Join Justin Putney for an in-depth discussion in this video Using 9-slice scaling to create responsive symbols, part of UX Design Tools: Illustrator.
In this video, we're going to take a look at how to make your symbols more responsive to different documents, different environments, different sizes. So, picking up where we left off in the previous video with the same file. If you don't have it open, you can find it in the exercise files Under chapter 3, 03, 03, and the file is called scroll box. So I'm going to clean up my art board a little bit. I don't need this blue variation we created, so I'm just going to highlight it and click delete. And do the same thing with another one of these instances. And then I'm going to Bring down just one instance.
And let's just say for the sake of thinking here, we're doing a sort of a portrait layout for something. So it's going to be wider than it is tall and we need to have a wide scrollable text frame in there. So, if I just were to drag this scroll frame out It gets kind of ugly. Of course we do want our wireframes to look sort of temporary and sketchy, but this is just too much for a designer's eye, right? So, let's go ahead and make this a little nicer. Let's make it a little more friendly to our scaling, and let's give some instructions to Illustrator on how we want it to scale.
So when we created this symbol, we didn't check a particular box in that dialog, but we can go back, And reselect it now. So, in the symbols panel I'm going to select the scroll box symbol and go down to this little thing that looks like a file list icon and it is the symbol options. So, if I click on that, I get the original options that we use to create the symbol with. So, I'm just going to check the Enable Guides for 9-Slice Scaling, and click OK, now look at that. It magically looks the way we expect it to, and not only that, I can scale it, and it would look just the way I would expect it to.
The buttons are staying the same size, the scroll elevator is changing which is actually kind of nice. It kind of fits with the look. And all the strokes are the width that they're supposed to be. So let's take a look at how that happens. To do so, let's just double-click on the symbol and get into Symbol Editing mode. I double-clicked in the Symbols panel, and what I have here is the definition of a symbol. And now in our definition, we have these four dotted guides. And basically what these guides tell us, are how we're slicing this up, and which areas of the symbol we're sort of going to protect from scaling.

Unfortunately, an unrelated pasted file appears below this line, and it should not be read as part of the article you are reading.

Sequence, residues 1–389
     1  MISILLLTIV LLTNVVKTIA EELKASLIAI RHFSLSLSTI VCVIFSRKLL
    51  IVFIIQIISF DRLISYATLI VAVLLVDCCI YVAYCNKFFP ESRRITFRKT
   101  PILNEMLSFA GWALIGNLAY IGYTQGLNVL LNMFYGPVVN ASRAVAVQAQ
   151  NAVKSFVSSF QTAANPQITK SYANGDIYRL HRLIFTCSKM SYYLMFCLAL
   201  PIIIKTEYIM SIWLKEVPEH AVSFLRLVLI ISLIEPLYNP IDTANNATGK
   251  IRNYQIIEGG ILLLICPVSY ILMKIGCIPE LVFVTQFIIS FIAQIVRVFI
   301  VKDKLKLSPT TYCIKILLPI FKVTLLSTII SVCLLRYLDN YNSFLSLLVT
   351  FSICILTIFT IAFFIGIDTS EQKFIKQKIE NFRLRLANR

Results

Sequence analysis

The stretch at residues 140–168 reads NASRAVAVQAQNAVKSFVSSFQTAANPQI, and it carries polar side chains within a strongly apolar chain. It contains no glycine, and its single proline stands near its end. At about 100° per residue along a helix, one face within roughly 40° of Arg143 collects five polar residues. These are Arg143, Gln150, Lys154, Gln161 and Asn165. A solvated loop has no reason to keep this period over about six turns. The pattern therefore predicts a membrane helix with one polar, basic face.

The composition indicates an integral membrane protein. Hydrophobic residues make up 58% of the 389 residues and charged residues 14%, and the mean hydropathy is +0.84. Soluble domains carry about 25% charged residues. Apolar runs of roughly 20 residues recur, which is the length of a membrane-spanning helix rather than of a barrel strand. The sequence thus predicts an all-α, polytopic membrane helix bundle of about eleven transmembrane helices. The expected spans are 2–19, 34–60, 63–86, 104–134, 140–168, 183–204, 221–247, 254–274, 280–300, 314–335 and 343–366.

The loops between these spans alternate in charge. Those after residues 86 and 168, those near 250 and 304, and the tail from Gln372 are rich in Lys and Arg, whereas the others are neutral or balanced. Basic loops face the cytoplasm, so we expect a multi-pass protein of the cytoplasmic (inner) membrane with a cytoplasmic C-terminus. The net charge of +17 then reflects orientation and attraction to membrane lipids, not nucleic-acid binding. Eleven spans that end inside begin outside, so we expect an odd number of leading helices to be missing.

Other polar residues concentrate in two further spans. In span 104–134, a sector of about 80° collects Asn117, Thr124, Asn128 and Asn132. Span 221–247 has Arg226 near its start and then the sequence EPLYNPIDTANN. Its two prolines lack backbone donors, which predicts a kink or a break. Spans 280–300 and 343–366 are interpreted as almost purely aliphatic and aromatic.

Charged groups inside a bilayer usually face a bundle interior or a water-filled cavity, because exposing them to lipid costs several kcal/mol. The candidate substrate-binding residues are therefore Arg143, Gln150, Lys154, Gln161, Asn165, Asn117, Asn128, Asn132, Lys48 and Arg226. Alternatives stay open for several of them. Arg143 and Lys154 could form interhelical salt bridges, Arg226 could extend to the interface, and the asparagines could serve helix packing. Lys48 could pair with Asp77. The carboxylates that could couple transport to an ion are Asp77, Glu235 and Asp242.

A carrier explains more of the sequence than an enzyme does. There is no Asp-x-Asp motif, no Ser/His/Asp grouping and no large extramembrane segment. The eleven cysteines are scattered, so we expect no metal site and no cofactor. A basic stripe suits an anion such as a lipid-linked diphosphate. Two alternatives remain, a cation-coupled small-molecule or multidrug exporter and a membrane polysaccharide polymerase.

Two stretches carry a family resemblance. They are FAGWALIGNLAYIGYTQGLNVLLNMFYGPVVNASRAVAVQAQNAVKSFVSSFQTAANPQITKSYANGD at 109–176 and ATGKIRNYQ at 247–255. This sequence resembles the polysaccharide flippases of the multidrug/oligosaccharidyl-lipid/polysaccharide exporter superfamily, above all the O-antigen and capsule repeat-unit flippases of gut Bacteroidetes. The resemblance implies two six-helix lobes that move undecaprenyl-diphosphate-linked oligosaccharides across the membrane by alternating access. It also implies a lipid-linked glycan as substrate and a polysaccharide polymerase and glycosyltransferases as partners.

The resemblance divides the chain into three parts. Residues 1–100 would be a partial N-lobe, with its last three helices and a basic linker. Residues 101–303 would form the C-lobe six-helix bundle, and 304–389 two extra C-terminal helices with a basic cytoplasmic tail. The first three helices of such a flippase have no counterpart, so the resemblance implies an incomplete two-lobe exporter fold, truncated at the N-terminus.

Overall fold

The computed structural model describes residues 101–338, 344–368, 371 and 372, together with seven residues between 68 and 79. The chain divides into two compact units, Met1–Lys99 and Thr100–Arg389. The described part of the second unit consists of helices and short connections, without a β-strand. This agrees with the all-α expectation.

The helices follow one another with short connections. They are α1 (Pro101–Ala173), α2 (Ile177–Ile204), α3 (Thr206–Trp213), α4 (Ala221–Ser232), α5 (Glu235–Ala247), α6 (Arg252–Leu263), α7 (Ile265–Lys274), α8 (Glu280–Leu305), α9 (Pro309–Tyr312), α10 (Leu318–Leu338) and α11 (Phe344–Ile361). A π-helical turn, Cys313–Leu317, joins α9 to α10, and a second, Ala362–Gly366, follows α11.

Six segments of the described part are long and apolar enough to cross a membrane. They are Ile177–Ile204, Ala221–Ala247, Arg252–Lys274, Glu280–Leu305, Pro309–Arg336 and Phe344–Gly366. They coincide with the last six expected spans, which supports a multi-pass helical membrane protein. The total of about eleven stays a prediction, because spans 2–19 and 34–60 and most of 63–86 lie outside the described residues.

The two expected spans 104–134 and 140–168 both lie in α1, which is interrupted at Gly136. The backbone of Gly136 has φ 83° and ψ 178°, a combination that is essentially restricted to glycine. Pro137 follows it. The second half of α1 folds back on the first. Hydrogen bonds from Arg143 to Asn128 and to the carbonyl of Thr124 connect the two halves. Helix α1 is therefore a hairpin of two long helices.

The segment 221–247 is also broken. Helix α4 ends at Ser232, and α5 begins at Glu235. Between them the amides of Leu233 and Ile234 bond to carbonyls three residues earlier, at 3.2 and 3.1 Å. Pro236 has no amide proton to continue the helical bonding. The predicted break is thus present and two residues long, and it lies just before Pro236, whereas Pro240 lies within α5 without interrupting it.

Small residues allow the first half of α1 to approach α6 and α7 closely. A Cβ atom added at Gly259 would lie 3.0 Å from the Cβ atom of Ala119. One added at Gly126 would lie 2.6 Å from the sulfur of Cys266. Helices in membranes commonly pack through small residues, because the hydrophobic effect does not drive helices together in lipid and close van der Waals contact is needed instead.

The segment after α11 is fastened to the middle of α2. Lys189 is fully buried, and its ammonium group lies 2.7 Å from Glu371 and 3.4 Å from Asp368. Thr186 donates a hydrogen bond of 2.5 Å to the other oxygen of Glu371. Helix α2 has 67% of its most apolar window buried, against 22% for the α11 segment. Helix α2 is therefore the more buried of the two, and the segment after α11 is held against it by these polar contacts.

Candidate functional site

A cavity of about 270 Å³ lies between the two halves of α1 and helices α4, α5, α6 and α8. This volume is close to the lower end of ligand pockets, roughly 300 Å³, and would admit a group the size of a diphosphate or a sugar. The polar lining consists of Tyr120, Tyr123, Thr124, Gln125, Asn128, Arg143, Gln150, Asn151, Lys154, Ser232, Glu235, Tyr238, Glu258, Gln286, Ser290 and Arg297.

So, as a reference we've created this other document so you can see how these different nine compartments scale differently. You can find it in the final exercise folder for this particular video Or you can just look at it on screen here. And the basic idea is that our symbol, if I were to go in and double click and take a look at it, is just nine equivalent circles. And one of 'em in each of these slices. And if I go back to the art board, here's one that I've scaled up in both dimensions.
And one that I've scaled down in both dimensions. And you see that the circles in the corner rectangles the corner slices of that 9 slice grid have not scaled in either dimension. Now the top one in the middle has scaled only horizontally the middle one on the left has scaled only vertically. And you can see this effect in real time by just scaling the symbol. So if I were to make it wider, you'd see that effect, that all of the symbols in the middle are affected by the horizontal scaling.
And if I were to scale it vertically, you would see that only the middle row of circles are affected by that scaling. So that's the general idea. And if you ever have a question of how exactly is this 9 size scaling going to effect my document, you can come back and take a look at this reference file. Now that we've made these symbols more reusable, we're going to take a look at how we take them from one document to another in the next video.
- Creating and positioning guides
- Building shapes
- Designing reusable symbols
- Creating character and paragraph styles
- Adding text
- Using artboards to organize and display content
- Exporting to multipage PDF